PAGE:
East Anglia’s farming leaders prepare their post-Brexit policy demands

NFU East Anglia regional director Robert Sheasby speaking at the regional board meeting in Newmarket

NFU East Anglia regional director Robert Sheasby speaking at the regional board meeting in Newmarket on Monday. - Credit: Submitted

The region's farming leaders said Britain's post-Brexit agricultural policy must ensure subsidy funding is retained at its current levels, along with access to labour and export markets.

The East Anglian regional board of the National Farmers' Union (NFU) held an extraordinary meeting in Newmarket on Monday evening, ahead of a special meeting of the NFU Council, the union's governing body, in London on Friday.

NFU regional director Robert Sheasby said: 'Members agreed it was time to move forward and seize the opportunity to build a new British agricultural policy that works for farmers, the public and the economy.

'For farmers in our region this must include continued access to non-UK labour, both seasonal and full-time, the best possible access to markets in Europe and the rest of the world, and policies that make the most of the world-leading research and development taking place in the East of England.

'There were concerns about calls from some politicians for a 'cheap food' policy. The public recognises that British food is produced to high standards and it's important that we are not open to imports that are produced to lower standards.

'Members also want to see clear country-of-origin labelling on food and a new approach to product approvals (such as pesticides), which is proportionate and based on sound-science.

'There was also discussion about support payments and the need to ensure the support given to our farmers remains equal to that given to farmers in the EU, our main competitors.'

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Meanwhile, the retention of funding and the ability to attract the brightest scientific minds from across the continent are seen as being crucial to the continued success of Norwich's world-leading scientific community.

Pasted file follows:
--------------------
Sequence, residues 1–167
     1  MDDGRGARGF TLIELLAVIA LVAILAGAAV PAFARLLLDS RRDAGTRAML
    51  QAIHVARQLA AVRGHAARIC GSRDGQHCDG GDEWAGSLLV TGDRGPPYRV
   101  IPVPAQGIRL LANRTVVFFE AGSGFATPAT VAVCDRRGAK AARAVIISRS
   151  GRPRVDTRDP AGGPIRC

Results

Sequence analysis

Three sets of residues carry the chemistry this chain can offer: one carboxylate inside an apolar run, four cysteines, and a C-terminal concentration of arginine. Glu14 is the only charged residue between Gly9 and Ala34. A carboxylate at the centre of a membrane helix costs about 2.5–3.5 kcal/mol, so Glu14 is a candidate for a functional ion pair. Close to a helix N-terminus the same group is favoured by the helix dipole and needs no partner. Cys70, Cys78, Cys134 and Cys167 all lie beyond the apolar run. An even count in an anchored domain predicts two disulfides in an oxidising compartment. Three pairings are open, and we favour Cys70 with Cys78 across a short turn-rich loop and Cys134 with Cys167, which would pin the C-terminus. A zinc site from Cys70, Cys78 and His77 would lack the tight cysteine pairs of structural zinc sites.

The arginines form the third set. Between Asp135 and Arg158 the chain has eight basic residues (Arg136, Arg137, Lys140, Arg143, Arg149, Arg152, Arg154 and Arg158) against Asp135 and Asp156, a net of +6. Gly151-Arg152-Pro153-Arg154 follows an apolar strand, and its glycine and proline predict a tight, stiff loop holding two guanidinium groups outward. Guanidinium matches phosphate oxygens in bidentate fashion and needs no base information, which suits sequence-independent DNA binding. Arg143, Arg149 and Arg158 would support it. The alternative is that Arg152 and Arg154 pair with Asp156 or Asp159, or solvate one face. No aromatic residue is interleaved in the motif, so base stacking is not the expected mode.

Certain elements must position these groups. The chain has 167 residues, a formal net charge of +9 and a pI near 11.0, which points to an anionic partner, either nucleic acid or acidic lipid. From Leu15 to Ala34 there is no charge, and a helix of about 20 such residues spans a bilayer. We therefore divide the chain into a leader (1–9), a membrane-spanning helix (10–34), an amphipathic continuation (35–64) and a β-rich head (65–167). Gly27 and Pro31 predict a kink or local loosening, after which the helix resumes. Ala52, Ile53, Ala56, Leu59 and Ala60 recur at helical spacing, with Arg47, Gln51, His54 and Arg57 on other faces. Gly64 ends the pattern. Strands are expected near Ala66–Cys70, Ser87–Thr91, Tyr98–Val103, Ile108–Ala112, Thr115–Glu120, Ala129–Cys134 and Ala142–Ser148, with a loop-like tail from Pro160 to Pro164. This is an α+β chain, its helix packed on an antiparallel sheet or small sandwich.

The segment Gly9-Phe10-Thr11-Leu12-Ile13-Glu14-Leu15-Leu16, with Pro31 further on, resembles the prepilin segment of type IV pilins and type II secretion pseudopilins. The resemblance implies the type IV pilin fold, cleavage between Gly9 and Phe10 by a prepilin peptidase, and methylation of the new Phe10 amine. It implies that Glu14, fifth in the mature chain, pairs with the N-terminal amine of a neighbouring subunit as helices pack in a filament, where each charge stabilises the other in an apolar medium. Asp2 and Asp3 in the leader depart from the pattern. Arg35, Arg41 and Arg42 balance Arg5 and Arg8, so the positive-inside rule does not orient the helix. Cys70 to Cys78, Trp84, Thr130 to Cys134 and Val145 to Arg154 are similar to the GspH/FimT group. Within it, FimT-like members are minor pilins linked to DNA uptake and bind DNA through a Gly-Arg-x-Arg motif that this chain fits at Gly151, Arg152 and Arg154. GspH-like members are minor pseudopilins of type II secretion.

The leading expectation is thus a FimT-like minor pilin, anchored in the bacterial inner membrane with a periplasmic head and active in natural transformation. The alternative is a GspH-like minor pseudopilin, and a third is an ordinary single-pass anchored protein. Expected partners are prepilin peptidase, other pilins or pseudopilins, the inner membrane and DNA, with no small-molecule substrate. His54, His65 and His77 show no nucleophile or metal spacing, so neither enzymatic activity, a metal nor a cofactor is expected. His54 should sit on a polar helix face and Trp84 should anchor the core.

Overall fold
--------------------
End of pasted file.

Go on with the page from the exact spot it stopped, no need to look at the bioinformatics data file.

The Norwich Research Park, which houses institutes such as the John Innes Centre, the Sainsbury Laboratory and the Earlham Institute (formerly known as The Genome Analysis Centre), employs 3,000 scientists, researchers and clinicians – including many who have relocated from other EU countries.

Prof Neil Hall, director of the Earlham Institute, said it was vital the government's Brexit negotiations ensured that valuable academic collaborations across international borders were not restricted.

He said: 'The Earlham Institute, like all research institutes in the UK, benefits from EU funding but also many of our research staff are non-British EU nationals. Therefore, we currently depend on free movement to maintain our scientific excellence and competitive edge.

'The ramifications of this decision will depend very much on what will replace what we have now, and I sincerely hope that the government value the UK's leading position in research and do not hamstring us by restricting collaboration and cooperation across borders.'